At this time Northumbria still extended as far north as the Firth of Forth but was under continual pressure from the Scots.
In 973AD, at a gathering in Chester, Lothian was ceded by King Edgar King of England to Kenneth King of Scots, but there is opinion that Kenneth was forced to do homage to Edgar.
This could have been a ploy to give the Scots access to Lothian on a non-permanent basis with final control remaining with the English king.
In 1005, after several rapid and short lived successions Malcolm II acceded to the throne as King of Scots, and in order to gain political advantage at home, raided southwards into Northumbrian territory and laid siege to the city of Durham.
Uhtred, an accomplished warrior, son of the Earl of Northumbria based at Bamburgh, gathered an army, raised the siege and drove the invader out of Durham. Malcolm II.was lucky to escape with his life, and retreated homewards to the highlands of Scotland.
Uhtred was made the Earl of Northumberland, even though the original Earl, his father, still lived. Uhtred's reputation as a mighty warrior was sealed. In 1016 after a previous failed attempted invasion the Danes reappeared and Cnut became King, thus ending the royal rule of the House of Wessex, Cnut also dispensed with the Anglo-Saxon earls and replaced them with choices of his own.
According to the writings of Simeon of Durham, Uhtred was ambushed and killed on the direct orders of Cnut this very same year of 1016. Uhtred was replaced as Earl of all Northumbria by Cnut’s man, Eric of Norway.
The change of the ruling elite caused confusion and realignment of allegiances in England, a situation now often overlooked because of the later and more famous and far reaching invasion of William the Conqueror in 1066.
After his defeat at Durham Malcolm II was not idle and, taking advantage of the turmoil in England caused by Cnut’s invasion and the termination of the rule of the royal House of Wessex, the King of Scots arranged a military alliance with Owen the Bald, King of Strathclyde.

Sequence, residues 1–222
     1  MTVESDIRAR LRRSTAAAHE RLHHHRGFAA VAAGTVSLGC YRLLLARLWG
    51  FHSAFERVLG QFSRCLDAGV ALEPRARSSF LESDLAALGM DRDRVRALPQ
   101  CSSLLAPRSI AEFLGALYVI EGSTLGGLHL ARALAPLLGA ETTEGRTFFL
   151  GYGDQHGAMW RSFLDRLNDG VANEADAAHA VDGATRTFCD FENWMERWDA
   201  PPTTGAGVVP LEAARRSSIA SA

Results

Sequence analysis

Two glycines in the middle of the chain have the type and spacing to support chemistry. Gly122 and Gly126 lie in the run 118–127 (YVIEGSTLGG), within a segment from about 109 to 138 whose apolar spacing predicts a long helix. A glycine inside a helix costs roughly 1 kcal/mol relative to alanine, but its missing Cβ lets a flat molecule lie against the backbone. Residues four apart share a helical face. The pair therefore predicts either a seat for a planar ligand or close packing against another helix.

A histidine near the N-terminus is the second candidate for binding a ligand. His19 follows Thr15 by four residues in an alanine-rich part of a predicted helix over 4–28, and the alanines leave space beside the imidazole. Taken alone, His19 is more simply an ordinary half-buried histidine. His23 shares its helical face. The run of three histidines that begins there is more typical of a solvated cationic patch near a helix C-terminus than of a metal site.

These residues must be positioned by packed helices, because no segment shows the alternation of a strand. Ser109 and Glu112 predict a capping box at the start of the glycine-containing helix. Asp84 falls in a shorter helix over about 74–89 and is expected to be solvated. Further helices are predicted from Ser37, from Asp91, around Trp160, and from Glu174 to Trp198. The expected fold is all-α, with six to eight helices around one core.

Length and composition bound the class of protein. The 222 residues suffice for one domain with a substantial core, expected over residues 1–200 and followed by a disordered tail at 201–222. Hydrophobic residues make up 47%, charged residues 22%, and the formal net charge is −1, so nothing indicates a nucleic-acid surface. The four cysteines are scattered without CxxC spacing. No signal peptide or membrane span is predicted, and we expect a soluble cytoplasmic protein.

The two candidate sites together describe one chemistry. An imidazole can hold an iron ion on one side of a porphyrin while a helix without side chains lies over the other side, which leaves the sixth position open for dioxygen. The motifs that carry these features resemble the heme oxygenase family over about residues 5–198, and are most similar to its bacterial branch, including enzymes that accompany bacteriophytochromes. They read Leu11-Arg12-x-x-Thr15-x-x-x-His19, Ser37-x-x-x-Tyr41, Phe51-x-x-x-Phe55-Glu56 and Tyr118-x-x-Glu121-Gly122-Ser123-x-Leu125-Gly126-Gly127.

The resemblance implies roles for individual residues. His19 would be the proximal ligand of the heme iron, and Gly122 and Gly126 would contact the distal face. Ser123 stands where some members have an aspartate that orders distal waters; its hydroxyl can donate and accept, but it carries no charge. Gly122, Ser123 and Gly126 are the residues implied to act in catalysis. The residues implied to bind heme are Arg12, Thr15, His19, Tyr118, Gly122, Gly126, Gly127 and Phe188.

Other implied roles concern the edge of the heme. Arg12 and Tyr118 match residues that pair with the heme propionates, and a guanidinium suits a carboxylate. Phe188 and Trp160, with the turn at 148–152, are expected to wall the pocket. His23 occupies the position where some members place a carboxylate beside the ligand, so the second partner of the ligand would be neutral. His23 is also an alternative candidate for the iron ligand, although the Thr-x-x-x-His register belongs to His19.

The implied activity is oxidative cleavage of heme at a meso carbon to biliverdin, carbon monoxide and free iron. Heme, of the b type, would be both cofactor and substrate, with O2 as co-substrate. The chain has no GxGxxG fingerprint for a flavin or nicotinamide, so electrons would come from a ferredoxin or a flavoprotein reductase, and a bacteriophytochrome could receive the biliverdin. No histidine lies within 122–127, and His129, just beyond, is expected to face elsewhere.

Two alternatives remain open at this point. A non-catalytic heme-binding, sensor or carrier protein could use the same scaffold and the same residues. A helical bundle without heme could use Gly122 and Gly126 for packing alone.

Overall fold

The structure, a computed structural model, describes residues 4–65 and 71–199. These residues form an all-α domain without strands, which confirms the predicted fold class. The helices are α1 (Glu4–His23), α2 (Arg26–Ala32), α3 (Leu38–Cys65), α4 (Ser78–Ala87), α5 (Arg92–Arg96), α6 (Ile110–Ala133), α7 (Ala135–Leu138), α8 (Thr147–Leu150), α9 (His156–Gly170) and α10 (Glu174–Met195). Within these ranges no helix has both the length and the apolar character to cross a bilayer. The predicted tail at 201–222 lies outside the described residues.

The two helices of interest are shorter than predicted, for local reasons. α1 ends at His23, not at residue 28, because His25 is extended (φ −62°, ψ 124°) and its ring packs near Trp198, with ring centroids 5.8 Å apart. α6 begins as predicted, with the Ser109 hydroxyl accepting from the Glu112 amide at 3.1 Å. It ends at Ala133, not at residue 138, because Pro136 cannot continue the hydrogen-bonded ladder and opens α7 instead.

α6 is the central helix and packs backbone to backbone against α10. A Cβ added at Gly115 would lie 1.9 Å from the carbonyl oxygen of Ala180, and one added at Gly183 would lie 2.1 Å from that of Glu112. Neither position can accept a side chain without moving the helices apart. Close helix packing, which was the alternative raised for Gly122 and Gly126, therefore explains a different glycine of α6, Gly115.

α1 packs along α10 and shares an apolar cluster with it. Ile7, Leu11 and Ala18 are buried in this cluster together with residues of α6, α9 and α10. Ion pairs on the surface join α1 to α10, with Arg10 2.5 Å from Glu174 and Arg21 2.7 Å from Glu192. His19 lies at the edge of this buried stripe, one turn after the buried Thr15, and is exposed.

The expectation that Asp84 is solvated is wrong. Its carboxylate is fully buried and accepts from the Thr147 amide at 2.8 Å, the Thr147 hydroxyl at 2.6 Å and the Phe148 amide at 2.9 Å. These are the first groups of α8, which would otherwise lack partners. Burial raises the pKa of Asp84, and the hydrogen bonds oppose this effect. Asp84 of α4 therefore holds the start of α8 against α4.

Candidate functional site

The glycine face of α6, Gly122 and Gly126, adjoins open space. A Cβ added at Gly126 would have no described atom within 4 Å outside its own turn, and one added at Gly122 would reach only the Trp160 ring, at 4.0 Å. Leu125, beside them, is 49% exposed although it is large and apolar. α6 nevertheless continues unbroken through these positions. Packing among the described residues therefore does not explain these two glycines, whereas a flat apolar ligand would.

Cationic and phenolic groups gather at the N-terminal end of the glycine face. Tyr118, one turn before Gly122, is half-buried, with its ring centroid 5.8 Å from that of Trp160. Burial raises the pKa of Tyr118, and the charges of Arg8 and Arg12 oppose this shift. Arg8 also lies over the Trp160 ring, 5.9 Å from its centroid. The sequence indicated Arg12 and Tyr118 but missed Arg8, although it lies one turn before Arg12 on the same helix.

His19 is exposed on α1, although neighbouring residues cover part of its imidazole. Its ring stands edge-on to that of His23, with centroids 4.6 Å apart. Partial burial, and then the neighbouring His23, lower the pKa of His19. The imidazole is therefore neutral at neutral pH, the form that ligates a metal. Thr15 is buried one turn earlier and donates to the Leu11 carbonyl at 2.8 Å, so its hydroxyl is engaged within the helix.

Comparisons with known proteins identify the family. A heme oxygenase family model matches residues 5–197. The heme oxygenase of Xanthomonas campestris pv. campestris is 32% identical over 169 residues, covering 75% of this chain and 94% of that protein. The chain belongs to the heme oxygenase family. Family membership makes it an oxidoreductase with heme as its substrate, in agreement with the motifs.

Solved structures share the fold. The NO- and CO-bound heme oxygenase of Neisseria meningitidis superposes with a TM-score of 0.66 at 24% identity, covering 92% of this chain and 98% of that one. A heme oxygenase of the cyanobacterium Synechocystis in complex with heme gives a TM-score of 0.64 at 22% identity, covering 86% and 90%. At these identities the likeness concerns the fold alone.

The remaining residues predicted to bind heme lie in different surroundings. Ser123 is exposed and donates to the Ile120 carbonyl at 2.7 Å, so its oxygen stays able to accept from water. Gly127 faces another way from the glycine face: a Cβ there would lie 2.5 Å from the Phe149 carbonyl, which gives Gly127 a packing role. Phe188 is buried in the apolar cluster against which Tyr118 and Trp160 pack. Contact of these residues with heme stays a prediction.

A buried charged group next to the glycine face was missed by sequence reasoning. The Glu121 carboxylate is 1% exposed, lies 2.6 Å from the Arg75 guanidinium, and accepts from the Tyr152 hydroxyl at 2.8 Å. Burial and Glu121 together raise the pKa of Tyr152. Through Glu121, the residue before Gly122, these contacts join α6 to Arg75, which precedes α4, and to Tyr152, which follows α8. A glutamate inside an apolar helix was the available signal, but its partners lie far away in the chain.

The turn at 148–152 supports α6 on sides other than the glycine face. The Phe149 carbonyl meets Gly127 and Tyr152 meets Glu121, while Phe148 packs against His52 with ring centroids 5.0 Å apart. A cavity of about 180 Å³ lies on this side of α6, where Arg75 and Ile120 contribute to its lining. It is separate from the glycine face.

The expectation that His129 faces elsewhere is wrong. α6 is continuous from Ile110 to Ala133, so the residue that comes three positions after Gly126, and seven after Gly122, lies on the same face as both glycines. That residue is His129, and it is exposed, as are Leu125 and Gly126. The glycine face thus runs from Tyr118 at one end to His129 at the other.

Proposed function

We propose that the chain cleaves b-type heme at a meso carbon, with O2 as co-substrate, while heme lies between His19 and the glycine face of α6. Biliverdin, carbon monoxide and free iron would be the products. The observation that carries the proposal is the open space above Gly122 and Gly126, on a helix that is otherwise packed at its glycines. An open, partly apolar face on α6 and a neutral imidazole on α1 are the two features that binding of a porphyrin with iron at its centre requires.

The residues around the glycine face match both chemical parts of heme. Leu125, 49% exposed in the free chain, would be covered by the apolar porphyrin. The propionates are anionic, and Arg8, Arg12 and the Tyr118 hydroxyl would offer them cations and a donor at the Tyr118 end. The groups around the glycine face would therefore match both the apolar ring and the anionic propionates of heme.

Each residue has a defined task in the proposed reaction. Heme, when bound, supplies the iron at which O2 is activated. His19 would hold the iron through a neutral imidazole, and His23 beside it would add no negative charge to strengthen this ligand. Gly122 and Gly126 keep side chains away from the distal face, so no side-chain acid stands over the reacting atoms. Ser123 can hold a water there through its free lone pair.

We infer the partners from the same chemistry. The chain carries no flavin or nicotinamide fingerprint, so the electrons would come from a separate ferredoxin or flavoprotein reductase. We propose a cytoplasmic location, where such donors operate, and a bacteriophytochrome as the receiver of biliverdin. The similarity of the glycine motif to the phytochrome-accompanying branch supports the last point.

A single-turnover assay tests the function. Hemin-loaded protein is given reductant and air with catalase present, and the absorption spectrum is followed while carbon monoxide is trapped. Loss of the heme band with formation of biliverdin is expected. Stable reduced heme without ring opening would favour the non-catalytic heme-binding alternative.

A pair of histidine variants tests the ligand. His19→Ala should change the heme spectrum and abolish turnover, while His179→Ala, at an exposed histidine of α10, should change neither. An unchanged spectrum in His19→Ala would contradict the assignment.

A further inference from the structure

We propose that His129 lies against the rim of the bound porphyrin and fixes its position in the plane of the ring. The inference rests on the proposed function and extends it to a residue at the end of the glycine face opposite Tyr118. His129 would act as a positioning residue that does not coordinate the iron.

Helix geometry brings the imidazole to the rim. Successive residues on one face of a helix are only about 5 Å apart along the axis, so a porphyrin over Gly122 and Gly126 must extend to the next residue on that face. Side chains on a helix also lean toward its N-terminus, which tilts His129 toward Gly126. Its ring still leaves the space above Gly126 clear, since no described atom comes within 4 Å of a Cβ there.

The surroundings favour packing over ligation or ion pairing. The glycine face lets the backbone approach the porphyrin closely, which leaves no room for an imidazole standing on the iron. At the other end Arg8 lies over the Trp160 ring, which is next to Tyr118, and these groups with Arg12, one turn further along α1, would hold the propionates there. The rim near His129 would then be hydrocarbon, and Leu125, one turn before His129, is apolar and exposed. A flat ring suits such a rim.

At this time the Kingdom of Strathclyde included Cumbrian territory as far south as Penrith. Strathclyde / Cumbria was a distinct cultural area speaking a language often referred to as Strathclyde Welsh, a Celtic language related to that of Cornwall, Wales and the language of the Highlands.
The population on the eastern side from East Anglia as far north as the Forth of Forth were descended from the Angles thus in the northern part of Northumbria there was an East West cultural divide which was more distinct than the cultural divide North and South of the River Tweed
The Earldom of Northumbria becomes somewhat convoluted at this time. Eric of Norway has been declared Earl of all of Northumbria, but Uhtred’s family appear to claim the title of Earl of Bamburgh. Who held this Earldom at this point is a matter of controversy. The warrior Uhtred is the popular choice, but if, as Simeon of Durham claims, he had been killed in 1016 this is extremely unlikely.
The other candidate for the title is Uhtred's ineffectual brother, Eadwulf Cudel; Cudel being a reference to cuttlefish a soubriquet for coward.
In the summer of 1018 the armies of Malcolm II and Owen the Bald mustered at Caddonfoot near Galashiels, and marched eastward to be met by a hastily gathered force of Northumbrians, a force, according to Simeon, gathered from Tees to Tweed. The scene was now set for battle.
A 30 minute documentery film, 'Carham 1018 - The Start of the Border Story' is now available to view on The Battlefields Trust YouTube channel.
A shorter 7 minute documentery film, focusing on archeology at Carham has been produced, and is now available to view on The Battlefields Trust YouTube channel.
Please consider making a donation to Battlefields Trust North East to allow us to continue our work on the Carham 1018 Project.